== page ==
Why do we associate the word “Design” with artistic endeavors, perhaps with overtones of impracticality and frivolousness? Anyone who is curious about Design soon realizes that the most important factor in the design of an object, interface, or visualization is not the aesthetic appeal, but the usefulness of the item. Design is about creating solutions to problems in a way that meshes utility, robustness, and beauty. What is it about our society that gets distracted by the beauty and forgets everything else?
Everything we use in our life was designed by someone. This is a fact that is easy to forget when objects and tools are working well, but it is something that makes us wonder when they work badly–how could someone possibly create an item to work like this? What was the designer thinking?! Just as there are “bad” politicians, lawyers, doctors, and engineers, is it clear that there are bad designers. But when a tool fails us, the consequences are often greater than we would suspect.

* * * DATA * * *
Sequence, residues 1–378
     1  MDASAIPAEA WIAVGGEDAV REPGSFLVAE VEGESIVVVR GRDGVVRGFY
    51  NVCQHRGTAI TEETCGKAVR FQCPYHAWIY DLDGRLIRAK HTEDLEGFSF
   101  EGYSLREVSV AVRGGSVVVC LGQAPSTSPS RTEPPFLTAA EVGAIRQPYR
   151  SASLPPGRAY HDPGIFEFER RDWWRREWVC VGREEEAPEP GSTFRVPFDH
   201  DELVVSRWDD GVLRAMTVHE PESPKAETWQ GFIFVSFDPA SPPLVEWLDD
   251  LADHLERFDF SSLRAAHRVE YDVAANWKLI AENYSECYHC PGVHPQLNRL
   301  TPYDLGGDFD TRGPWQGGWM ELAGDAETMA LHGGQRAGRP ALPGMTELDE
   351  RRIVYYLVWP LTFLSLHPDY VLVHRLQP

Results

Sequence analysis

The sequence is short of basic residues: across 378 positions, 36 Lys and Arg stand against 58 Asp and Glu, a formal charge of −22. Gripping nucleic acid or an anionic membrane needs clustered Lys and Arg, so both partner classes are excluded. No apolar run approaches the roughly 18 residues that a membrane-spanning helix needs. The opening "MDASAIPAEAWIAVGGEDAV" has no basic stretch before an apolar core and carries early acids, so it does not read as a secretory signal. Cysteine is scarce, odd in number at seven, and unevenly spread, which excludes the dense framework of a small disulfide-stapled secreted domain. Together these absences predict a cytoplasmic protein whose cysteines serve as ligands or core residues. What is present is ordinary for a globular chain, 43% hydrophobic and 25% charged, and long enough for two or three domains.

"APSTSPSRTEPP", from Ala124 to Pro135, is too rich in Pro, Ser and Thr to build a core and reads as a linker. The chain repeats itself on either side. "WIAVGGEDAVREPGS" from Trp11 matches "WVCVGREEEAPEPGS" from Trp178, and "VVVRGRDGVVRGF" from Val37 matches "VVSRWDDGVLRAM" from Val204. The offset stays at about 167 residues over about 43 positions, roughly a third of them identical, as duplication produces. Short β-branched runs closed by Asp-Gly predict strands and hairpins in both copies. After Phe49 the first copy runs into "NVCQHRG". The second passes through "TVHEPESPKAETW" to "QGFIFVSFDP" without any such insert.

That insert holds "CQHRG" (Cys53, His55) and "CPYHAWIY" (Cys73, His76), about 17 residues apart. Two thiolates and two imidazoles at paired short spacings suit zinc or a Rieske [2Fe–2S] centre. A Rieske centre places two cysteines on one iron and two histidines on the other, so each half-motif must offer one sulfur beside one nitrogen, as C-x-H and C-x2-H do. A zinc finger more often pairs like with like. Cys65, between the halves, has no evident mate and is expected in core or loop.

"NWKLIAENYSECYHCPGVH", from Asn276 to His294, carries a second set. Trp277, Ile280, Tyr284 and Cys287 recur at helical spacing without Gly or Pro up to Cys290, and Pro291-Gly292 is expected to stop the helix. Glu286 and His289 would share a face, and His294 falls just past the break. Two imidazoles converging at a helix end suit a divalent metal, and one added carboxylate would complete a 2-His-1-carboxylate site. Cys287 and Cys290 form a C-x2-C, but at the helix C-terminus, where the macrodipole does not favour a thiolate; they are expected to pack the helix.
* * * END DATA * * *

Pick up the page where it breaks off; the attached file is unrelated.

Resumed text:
Things like furniture, office tools, and technology have magnified negative effects on our physical selves if they are designed poorly. A badly-designed computer mouse could easily give people wrist and arm injuries. A badly-designed chair can give someone a back injury that will take years to change.
And yet, if bad design has such great consequences, why don’t we value design more? It seems that, with the rise of the internet and the emergence of a vast global economy, we are now beginning to change our attitude towards Design. The market will speak to us, and those objects which have the greatest utility and beauty will sell better than those that do not. Hopefully this cycle can continue as good design is perpetuated and bad design is relegated to the clearance bin.